One of the big mysteries of the education-reform movement is why Massachusetts, the gold-standard of American education, jettisoned its highly successful education standards for the untested Common Core State Standards. One reason was a much-needed, post-recession cash infusion via Race to the Top.
The Bay State’s first bid for RTTT funds failed—the commonwealth came in a miserable 13th—because it had not adopted the Common Core. “There’s a lot of disappointment and anger in Massachusetts that our outstanding track record in education reform was not recognized,” said Paul Reville, the state’s education secretary at the time.
Massachusetts finally won $250 million in RTTT funding, in 2010, after agreeing to adopt the Common Core. That “win” would usher in a series of changes to the state’s highly regarded, two-decade old education system.
Massachusetts’s poor showing in its first RTTT sweepstakes—and the Federal government’s apparent willingness to tie funding to the adoption of the Common Core, even for the country’s most advanced education system—troubled many experts on both sides of the ed-reform divide. Beginning in 2005, Massachusetts kids had the highest performing test scores in every subject tested by the National Assessment of Education Progress, which is known as the Nation’s Report Card. It has also outscored kids around the world on a range of international tests (More on Massachusetts’ test scores below.)
Now the Massachusetts reforms are once again under assault by Common-Core enthusiasts. Strangely, many of those attacking the reforms are its erstwhile defenders. In February, the Massachusetts Business Alliance for Education, a leading advocacy group for the 1993 Massachusetts Education Reform Act, issued the first of several reports that found, or are expected to find, the Bay State standards and an accompanying high-stakes test, the Massachusetts Comprehensive Assessment System or MCAS, wanting when compared to the still-untested “Common-Core aligned” PARCC tests (PARCC stands for Partnership for Assessment of Readiness for College and Careers.)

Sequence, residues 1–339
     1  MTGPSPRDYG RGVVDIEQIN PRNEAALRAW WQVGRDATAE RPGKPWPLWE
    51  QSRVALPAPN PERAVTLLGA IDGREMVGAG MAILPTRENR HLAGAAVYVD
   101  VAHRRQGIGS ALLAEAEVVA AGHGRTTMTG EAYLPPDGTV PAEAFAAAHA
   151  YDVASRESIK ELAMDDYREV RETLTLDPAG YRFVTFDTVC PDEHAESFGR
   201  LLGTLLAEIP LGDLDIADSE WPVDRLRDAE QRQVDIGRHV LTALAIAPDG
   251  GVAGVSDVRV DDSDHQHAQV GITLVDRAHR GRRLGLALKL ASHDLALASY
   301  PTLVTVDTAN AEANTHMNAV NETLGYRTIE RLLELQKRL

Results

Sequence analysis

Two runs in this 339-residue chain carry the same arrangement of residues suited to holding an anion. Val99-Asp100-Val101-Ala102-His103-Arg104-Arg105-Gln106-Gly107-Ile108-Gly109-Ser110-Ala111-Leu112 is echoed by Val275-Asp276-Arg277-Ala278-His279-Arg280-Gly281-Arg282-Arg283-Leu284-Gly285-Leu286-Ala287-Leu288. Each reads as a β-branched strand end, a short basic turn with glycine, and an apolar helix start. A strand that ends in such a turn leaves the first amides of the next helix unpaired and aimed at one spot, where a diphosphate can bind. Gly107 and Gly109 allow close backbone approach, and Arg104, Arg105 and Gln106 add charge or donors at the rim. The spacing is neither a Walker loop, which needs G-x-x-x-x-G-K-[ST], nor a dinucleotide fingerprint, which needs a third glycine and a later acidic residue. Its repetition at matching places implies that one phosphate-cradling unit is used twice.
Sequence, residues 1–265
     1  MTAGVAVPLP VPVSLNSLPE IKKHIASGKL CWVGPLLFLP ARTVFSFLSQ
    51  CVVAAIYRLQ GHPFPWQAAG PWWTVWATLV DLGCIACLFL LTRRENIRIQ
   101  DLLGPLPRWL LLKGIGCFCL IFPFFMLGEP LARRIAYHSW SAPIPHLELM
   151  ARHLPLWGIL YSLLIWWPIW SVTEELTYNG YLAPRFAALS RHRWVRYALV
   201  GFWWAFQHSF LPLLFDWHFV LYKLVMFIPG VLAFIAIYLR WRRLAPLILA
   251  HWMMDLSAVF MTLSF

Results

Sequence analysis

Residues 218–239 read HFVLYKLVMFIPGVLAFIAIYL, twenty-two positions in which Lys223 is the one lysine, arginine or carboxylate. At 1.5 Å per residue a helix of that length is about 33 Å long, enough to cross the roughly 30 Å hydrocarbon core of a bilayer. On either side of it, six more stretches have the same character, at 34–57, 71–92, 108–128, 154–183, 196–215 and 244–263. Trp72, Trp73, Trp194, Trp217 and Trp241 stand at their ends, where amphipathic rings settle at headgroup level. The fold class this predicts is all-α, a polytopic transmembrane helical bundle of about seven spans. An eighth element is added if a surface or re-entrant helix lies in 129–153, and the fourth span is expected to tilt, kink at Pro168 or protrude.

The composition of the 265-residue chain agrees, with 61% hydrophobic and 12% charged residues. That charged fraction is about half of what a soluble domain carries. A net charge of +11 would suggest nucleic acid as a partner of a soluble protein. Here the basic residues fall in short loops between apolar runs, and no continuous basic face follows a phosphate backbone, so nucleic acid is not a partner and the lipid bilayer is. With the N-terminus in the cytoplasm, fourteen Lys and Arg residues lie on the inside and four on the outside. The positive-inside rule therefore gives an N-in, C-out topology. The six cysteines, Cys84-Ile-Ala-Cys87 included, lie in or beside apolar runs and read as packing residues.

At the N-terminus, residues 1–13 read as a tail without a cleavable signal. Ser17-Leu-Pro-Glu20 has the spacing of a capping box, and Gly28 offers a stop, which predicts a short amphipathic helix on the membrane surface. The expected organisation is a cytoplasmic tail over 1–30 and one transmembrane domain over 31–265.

“The current MCAS high school tests do not identify students who are college- and career-ready, and they do not contain the right content to measure college- and career-readiness,” concludes the MBAE study.
By contrast, the MBAE cautiously endorses the PARCC test: “As we are preparing this report in early 2015, the PARCC tests hold the promise of being a good indicator of college- and career-readiness.” (Emphasis added.)
In response, researchers from the Pioneer Institute, a market-oriented Massachusetts think thank, argue that money, once again, is playing an outsized role in the latest anti-MCAS research. The turncoats, according to Pioneer, include MBAE, which was cofounded by the aforementioned Paul Reville, as well as the Thomas B. Fordham Institute and Achieve Inc., both national Common-Core advocates. What these organizations all have in common is that they have receive funding– lots of it—from the Bill and Melinda Gates Foundation, which also invested over $200 million in developing the Common Core.
The most recent Massachusetts skirmish over the Common Core is no coincidence. This year, Massachusetts elementary and middle schools had the choice of taking the PARCC test or the MCAS. In the fall, Massachusetts will make a final decision about whether to ditch the MCAS entirely in favor of PARCC, at a time when half the states that initially agreed to adopt the Common-Core aligned test have since backed out.
In their OpEd, Charles Chieppo and Jamie Gass, detail the tangled web of relationships that tie the critics of the Massachusetts reforms to the Gates foundation, the PARCC tests and the Common Core. The OpEd is particularly scathing about the role of the MBAE: